Imagine this, you are a pilot getting ready for a flight from New York to San Francisco. As you prepare to board your plane, you pick up your flight bag which contains all the navigation charts, runway information and schedules you might need for your trip. That flight bag weighs in at around 20-30 lbs, the size of a 2-3 year child. Once on the plane, you pick through the flight bag, grabbing the pages you need and pinning them to clipboards so you can easy read them. Sounds a bit archaic in this day and age, doesn't it?
Those flight bags are prepared from information that is managed by Jeppesen, a Boeing subsidiary involved in infrastructure to transmit navigation data to end devices for airlines and their pilots. Jeppesen has thousands of employees in each airport around the world, updating these flight bags. The flight bags must be updated at least once a month according to FAA regulations, and unfortunately, there is a high margin for error in manually updating the flight bags: think missing pages (charts, runway schedules), duplicate pages, etc...
A few years ago, Jeppesen decided this approach was not the best way of doing things, so they embarked on a Nuxeo project. Originally the idea was to put a laptop in each plane, but with the changes in technology, that approach changed. Now Jeppesen uses Nuxeo as the core server and it synchronizes with iPads to be used by the pilots. To give you an idea of how big this is, Jeppesen put in an order with Apple for 200,000 iPads.
These iPads allow pilots to have information in near real time, downloading new information each time they hook back into a network when they are on the ground (they are not connected to the Internet while in the sky).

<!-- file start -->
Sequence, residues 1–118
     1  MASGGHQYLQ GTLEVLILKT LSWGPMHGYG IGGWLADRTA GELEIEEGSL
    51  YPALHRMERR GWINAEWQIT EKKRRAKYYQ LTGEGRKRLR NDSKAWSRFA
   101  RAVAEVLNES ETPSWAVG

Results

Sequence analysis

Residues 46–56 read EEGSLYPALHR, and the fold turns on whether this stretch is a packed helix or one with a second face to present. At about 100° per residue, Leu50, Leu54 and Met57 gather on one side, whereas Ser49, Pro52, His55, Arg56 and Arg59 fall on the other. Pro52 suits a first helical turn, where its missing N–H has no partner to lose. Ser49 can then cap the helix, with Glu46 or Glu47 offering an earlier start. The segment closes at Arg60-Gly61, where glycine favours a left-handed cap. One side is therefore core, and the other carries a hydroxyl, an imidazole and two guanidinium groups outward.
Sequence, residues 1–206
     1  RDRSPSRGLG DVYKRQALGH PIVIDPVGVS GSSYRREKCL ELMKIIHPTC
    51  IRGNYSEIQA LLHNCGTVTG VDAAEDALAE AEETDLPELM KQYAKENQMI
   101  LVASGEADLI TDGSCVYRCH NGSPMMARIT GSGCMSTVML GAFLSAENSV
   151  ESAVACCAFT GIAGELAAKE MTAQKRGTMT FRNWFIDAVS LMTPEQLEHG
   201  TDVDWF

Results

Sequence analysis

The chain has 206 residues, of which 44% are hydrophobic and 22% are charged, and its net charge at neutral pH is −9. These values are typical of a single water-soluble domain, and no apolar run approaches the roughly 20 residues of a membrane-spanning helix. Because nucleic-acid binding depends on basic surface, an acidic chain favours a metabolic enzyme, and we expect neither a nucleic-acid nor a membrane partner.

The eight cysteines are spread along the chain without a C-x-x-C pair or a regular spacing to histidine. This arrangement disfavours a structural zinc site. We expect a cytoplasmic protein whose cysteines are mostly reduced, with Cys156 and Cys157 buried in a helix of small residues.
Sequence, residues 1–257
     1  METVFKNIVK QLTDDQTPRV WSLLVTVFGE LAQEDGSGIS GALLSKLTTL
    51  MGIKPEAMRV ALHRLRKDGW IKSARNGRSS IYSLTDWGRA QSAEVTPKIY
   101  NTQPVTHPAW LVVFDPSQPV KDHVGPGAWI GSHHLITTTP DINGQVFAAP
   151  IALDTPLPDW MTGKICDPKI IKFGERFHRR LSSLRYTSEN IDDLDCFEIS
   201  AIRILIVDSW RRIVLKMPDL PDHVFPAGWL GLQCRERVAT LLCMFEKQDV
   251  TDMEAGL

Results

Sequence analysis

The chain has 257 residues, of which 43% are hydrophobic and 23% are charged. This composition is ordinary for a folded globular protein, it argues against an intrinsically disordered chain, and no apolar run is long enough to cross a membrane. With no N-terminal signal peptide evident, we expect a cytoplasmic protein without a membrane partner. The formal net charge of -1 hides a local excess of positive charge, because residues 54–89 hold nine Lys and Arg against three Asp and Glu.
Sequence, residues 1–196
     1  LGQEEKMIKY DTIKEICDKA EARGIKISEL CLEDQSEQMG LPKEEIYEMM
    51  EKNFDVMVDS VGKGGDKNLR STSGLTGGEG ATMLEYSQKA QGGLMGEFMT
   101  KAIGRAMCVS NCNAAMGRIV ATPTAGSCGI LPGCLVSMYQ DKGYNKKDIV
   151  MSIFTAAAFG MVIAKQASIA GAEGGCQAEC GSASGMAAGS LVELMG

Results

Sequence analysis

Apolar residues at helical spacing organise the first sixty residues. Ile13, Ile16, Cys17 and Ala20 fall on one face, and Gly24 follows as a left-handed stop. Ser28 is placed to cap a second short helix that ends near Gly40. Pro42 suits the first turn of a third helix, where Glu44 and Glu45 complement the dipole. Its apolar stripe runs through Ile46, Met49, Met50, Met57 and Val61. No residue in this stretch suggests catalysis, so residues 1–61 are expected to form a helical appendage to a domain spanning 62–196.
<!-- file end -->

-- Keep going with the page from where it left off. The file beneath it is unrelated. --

This project is being deployed over a number of years. The first airline to test it out was American Airlines. In an article by the Wall Street Journal in June of 2013, American Airlines said that it had rolled out its iPad program and its 8,000 pilots now had about 3,000 less pages to lug around. JetBlue Airways had also received regulatory clearance, and a number of other airlines were following suit.
If this doesn’t sound like a huge deal to you, consider that American Airlines claims lugging around this massive flight bag was the primary cause of injury for its pilots. Still not a “wow”? How about this?
“American estimates that removing the bags from all its planes saves about 400,000 gallons of fuel annually, worth $1.2 million at current prices.”
Jeppesen supports 85% of the pilots worldwide (commercial, non-commercial, freight), and every one of them must have a flight bag by law. Think about that pilot flying from New York to San Francisco. What if for some reason he needs to land somewhere earlier than expected due to an unforeseen problem, bad weather, or maybe a sick passenger? With the flight bag, he would have to dig through thousands of pages to find a new runway location, and figure out the best way to land the plane. Is it not easier to touch a few screens on the iPad to get this information quickly? I’m sure the pilot is thrilled to have an iPad on his flight.
Jeppesen is focused on getting its iPads out to other airlines, and it is looking at other ways to put other information on the the iPads. For now, it’s the read only navigation information the pilot needs to fly the plane safely. Of course, the FAA has stringent regulations on the security of this information and that security is critical to Jeppesen’s success.
The iPad is much cheaper, healthier and environmentally friendly for everyone involved. You couldn’t ask for a better success story if you tried.